Whether expressed as a matter of inventive step or insufficiency, both approaches are intended, in their way, to ensure that the monopoly granted by the patent is commensurate with the contribution to the art. This is still a precept of patent law in Europe.

‘Fair basis’ (that the claims must be fairly based on the description) was a requirement of the Patents Act 1949 in the UK, and is still a requirement in, for example, Australia, but does not survive in that form in current European patent law. Moreover, ‘support’ (that the claims be supported by the description) is not a ground of opposition or revocation. Nevertheless, jurisprudence has been developed in Europe under the current law in relation to inventive step and sufficiency to maintain the balance between contribution to the art and the scope of allowable claim.

In the present case, the claim was unusually broadly defined in that both of the key features were defined in broad functional terms—the medical indication (any disease other than cancer in which undesirable excessive blood vessel growth occurs) and the treatment agent (any antibody or fragment against VEGF or a VEGF receptor, or a VEGF receptor [or, as construed by the judge, part thereof]). Further, VEGF was, as such, already known as an angiogenic growth factor at the priority date of the patent: what was unknown was that VEGF is necessary for pathological angiogenesis, and therefore it was not known what would be the therapeutic effect, if any, of a VEGF antagonist. This might therefore have seemed an unpromising case to successfully argue sufficiency under the Biogen jurisprudence.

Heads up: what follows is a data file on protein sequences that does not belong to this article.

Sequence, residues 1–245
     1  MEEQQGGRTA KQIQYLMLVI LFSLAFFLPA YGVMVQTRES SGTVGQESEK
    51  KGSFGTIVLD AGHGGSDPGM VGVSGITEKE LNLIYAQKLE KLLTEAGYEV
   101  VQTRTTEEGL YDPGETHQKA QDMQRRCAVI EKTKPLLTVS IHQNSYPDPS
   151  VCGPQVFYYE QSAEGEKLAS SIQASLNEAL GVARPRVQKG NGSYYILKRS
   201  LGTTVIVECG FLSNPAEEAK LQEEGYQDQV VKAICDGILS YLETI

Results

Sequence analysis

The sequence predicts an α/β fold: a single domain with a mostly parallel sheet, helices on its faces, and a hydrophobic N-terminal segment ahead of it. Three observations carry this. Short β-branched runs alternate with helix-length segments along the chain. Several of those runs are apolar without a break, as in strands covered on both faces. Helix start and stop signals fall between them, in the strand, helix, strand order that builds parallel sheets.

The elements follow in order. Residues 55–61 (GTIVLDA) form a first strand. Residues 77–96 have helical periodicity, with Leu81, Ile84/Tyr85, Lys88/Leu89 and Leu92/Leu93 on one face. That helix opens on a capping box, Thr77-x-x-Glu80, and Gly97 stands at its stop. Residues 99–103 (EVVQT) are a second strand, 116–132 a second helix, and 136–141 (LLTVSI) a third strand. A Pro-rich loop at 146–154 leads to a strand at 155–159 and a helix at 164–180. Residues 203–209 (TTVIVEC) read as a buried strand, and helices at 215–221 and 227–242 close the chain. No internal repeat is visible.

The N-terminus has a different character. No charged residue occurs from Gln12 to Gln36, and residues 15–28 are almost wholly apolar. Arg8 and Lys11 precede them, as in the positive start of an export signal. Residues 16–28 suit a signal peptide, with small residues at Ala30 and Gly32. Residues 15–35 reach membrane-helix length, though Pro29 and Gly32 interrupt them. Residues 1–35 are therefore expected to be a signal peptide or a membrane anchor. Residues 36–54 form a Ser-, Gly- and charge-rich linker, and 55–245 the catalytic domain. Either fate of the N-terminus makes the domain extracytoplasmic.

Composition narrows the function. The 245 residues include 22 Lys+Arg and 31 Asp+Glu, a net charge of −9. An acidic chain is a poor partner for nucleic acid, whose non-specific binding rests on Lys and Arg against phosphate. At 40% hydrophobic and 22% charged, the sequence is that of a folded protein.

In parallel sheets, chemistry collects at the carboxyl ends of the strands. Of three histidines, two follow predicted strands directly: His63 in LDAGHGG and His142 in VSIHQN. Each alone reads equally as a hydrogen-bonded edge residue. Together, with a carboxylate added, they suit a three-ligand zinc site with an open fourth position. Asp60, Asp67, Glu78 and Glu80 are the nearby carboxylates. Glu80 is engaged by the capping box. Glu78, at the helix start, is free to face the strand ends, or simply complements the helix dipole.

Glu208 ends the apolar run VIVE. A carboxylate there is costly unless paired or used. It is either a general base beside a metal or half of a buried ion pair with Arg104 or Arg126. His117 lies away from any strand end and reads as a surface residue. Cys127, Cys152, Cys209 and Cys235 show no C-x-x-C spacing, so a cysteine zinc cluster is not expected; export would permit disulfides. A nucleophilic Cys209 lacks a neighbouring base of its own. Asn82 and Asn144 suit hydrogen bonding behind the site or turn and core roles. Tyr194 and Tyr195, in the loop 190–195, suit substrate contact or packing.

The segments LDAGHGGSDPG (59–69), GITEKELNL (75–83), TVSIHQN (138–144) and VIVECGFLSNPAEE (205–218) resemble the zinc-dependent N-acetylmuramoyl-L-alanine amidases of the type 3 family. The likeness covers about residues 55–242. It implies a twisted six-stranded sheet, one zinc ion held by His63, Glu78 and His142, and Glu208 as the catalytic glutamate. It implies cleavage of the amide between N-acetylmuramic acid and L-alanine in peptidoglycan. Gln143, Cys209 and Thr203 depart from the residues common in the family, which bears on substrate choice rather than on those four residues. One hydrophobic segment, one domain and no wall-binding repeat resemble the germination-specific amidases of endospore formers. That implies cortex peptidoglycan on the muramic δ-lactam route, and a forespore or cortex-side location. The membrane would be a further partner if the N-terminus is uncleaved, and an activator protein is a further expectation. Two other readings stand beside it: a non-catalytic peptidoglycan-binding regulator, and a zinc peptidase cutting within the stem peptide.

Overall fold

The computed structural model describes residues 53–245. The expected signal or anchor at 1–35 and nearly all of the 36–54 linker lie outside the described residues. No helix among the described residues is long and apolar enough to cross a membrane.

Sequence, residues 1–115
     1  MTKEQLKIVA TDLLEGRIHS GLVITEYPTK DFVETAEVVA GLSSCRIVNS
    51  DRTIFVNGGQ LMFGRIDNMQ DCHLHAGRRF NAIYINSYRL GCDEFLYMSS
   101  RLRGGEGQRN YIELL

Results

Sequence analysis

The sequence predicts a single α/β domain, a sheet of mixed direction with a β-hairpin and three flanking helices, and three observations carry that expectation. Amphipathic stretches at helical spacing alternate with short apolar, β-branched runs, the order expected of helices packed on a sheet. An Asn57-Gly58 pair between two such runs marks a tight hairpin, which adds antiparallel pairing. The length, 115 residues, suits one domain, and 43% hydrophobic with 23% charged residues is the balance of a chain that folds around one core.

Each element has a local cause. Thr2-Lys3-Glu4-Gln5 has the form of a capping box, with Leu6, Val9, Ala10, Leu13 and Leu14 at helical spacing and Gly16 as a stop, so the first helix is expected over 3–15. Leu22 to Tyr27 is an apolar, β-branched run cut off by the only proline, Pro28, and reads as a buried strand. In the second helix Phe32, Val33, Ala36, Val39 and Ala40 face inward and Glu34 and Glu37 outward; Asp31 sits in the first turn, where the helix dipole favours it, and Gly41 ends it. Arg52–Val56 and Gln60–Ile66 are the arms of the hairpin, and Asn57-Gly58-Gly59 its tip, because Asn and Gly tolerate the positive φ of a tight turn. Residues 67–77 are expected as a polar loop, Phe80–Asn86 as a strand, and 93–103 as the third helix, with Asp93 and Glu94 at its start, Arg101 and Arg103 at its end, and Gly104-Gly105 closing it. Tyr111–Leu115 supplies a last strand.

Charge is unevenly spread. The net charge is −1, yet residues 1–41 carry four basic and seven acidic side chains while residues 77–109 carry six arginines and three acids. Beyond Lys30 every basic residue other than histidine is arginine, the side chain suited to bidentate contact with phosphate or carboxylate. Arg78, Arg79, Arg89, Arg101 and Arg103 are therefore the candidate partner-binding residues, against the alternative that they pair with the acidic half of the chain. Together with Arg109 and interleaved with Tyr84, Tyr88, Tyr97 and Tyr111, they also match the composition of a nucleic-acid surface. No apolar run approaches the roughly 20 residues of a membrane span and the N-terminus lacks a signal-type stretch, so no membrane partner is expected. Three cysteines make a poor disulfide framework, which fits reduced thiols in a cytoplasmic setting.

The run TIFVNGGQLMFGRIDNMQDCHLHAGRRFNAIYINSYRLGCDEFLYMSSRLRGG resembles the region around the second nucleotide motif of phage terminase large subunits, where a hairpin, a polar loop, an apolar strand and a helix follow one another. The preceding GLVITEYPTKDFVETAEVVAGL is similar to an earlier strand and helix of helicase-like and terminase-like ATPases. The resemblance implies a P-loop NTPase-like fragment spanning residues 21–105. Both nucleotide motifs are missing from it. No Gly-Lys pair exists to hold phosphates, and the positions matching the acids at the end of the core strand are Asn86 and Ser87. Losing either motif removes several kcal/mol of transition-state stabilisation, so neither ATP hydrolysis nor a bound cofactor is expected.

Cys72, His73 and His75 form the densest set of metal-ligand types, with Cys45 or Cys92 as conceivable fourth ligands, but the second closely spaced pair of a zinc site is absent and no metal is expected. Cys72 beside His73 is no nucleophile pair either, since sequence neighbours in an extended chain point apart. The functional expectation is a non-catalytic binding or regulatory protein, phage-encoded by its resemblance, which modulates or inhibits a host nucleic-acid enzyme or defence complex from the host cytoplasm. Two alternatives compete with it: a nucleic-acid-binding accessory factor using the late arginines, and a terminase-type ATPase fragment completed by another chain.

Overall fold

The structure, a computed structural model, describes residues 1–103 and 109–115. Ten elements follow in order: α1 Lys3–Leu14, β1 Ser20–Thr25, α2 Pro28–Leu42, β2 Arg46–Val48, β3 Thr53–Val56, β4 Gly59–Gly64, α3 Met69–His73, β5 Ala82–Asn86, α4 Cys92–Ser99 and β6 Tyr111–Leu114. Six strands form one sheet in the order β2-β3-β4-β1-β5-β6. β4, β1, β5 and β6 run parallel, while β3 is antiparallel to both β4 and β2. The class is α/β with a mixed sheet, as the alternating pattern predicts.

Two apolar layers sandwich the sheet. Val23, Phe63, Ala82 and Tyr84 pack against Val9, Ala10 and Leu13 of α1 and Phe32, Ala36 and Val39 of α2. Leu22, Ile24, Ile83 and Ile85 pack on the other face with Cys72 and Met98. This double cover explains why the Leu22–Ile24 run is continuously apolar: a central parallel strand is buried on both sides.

The decision rests on a number of findings, key among which are the following: that the patent disclosed a principle of general application; that it was reasonable at the time to predict that anti-VEGF therapy would be effective in relation to non-neoplastic diseases generally; and that allegations of classical insufficiency that specific diseases could not be treated as claimed were not made out. In relation to the ability to make the claimed antagonists, there was no real attack in relation to the antibodies defined in (a) and (b) of the claim, and the objection in relation to the receptor defined in (c) of the claim was only in relation to an antagonist with less than the full extracellular domain of the VEGF receptor. This objection was rejected on the basis that in this industry ‘careful experimentation with a degree of trial and error, sometimes extending over months and years, is entirely normal’, and because:
A patent is not insufficient because it may take much work to develop the most elegant or refined embodiment of its inventive concept. If one were to carry on with the refinement, one would still be making use of the principle disclosed in the patent, working towards an improved embodiment of it.
Practical significance

Because the UK courts since Biogen have so rarely acknowledged that an invention involves a principle of general application, practitioners may have come to believe that such cases would be purely theoretical. This decision should give assurance that in appropriate cases broad protection can be validly obtained.

No comments:

Post a Comment